• it’s specific, tells exactly what, where and when. More, it only specifies quantified values for everything. e.g.: your developer may live with: “The result of the function shall be delivered as soon as possible”, but the tester will react to this temporal unspecificity, which will force you to define what ‘as soon as possible’ means in a concrete fashion. Timing uncertainty is then solved, which will lead to a much better requirement.

Of course, this will add you more work by analysis for defining everything, but then you’ll have much easier job in support phase.

4. Write perfect requirements.

Take your time, do a great job. After all, how can any member of your team perform if you don’t perform. They will realise your stuff, so what you deliver must be great.

Not really! Perfectionism is never a great companion. Especially in such a fast paced role, when changes and improvement occur at any step. You have to keep up. But you must have always the material to manage, which, of course, have to be created pretty early and quickly. You already feel the pressure of the first release, and you didn’t even finished with the very basic functionalities, because you feel it’s not good enough, not complete enough, or you fear you will be corrected? Is your team waiting in distress and urge you they need your input? Because now they cannot work. Wouldn’t it be better if they had an incomplete and faulty document to start working with. Even a draft one, that you can manage and update, informing your team if changes occur on the fly? After all, rarely is this the last version, the last release, and everything can be fixed at the next iteration. Furthermore, you will rarely achieve the project end still having an unimproved or incomplete document.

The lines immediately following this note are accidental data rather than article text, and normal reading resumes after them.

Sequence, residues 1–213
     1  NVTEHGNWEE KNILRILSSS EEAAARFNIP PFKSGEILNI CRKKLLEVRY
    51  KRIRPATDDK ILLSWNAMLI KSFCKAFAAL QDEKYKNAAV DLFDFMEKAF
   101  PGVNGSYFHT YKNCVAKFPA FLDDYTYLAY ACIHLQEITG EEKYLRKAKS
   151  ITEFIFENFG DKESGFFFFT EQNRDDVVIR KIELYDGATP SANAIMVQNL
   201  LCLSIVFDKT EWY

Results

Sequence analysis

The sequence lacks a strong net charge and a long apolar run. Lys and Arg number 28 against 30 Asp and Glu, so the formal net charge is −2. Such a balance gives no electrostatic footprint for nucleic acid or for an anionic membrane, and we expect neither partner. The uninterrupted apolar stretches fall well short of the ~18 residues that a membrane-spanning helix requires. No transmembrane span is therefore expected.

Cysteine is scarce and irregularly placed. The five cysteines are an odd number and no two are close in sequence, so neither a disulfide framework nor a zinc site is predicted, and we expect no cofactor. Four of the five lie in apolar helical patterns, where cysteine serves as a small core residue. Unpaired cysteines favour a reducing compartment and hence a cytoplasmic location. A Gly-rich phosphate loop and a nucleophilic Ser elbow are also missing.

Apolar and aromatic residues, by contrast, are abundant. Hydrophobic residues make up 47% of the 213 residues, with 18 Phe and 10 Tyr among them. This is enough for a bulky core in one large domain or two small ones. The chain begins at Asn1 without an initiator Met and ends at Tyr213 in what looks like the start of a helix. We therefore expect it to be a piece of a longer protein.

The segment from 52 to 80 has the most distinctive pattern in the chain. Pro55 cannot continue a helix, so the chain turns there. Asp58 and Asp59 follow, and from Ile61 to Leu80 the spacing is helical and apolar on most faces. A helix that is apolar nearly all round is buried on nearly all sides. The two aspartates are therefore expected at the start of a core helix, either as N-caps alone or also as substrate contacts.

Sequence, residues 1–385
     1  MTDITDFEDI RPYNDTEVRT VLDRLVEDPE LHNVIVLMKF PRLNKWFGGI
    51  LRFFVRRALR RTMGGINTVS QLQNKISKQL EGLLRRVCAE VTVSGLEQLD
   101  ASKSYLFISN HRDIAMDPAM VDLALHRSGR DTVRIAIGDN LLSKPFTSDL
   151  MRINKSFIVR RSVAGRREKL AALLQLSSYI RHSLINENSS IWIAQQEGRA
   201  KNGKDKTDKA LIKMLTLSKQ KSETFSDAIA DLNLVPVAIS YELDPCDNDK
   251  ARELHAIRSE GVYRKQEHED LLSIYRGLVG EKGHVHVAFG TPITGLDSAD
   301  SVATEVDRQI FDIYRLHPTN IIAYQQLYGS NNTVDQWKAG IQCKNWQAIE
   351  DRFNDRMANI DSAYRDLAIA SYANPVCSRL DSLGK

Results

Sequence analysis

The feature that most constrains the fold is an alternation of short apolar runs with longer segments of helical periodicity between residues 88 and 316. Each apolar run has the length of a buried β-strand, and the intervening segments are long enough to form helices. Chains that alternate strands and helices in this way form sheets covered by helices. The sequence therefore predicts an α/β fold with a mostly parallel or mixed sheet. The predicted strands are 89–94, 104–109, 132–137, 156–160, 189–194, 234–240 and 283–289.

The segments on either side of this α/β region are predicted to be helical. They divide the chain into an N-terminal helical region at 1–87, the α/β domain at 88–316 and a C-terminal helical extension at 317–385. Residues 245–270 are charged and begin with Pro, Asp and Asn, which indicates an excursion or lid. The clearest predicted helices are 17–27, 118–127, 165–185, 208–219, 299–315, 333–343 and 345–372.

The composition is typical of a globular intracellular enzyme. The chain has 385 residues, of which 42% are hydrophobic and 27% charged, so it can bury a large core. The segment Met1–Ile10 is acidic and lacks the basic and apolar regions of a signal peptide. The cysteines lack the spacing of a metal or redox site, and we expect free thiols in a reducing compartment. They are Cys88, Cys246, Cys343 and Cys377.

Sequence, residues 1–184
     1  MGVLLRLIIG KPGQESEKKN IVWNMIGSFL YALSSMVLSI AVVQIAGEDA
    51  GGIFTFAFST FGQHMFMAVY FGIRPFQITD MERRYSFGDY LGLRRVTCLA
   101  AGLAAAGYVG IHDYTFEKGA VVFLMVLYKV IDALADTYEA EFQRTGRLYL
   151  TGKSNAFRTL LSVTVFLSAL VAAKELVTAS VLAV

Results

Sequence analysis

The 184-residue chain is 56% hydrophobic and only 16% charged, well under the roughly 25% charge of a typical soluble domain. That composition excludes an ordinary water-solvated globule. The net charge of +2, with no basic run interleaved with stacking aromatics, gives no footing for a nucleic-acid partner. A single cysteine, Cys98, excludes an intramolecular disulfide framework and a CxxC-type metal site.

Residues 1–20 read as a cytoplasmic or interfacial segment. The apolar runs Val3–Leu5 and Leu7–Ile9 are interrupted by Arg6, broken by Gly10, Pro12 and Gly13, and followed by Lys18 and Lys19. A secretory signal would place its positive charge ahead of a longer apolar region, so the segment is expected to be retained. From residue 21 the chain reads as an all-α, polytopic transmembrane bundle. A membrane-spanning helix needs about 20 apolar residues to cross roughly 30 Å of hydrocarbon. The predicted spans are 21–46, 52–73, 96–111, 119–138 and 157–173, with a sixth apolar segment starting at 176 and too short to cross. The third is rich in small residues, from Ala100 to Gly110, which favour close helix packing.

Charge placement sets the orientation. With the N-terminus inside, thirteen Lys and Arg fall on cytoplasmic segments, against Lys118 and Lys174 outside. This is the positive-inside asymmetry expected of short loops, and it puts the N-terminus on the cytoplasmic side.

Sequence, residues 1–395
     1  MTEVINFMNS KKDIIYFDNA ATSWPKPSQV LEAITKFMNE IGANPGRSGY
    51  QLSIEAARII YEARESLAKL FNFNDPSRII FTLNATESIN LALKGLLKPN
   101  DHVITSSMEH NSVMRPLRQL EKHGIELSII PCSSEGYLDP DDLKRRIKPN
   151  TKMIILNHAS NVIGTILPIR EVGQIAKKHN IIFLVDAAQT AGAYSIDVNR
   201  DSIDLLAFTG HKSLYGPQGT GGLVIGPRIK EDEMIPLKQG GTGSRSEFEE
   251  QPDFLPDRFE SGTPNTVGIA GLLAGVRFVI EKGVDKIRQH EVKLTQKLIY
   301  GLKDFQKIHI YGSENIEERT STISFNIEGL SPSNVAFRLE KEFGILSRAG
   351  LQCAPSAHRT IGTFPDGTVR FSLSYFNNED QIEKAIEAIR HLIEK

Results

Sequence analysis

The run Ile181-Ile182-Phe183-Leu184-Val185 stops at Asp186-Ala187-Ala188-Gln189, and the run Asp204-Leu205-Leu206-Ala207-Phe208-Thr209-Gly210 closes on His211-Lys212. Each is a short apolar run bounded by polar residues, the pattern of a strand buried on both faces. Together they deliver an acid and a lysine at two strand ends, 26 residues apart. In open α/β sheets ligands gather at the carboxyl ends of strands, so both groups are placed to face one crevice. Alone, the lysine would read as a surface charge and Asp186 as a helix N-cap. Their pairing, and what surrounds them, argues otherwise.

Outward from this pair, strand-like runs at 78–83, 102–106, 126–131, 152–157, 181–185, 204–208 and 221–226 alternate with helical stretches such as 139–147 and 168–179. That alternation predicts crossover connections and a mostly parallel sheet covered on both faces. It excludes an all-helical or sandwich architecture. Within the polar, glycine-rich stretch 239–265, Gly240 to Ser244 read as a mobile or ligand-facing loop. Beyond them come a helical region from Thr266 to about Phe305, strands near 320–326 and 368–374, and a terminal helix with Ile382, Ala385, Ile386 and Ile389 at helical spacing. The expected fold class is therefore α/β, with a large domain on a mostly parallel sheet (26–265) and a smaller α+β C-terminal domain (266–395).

So then, why worry to make everything perfect from the beginning. Just go ahead! Things will fall into place anyhow, with a much less effort required from your side, but with a much higher efficiency.

5. Be faithful to the initial form, change nothing.

You’ve invested a lot of work and energy to finally produce the document.It should now be available for everybody and you can relax. But people want to change, colleagues want improvements, testers want clarity and specificity, the customer wants changes also. You are not happy. You don’t like removing features being your brainchild, which you think you can be proud of. And they want it out, what a world!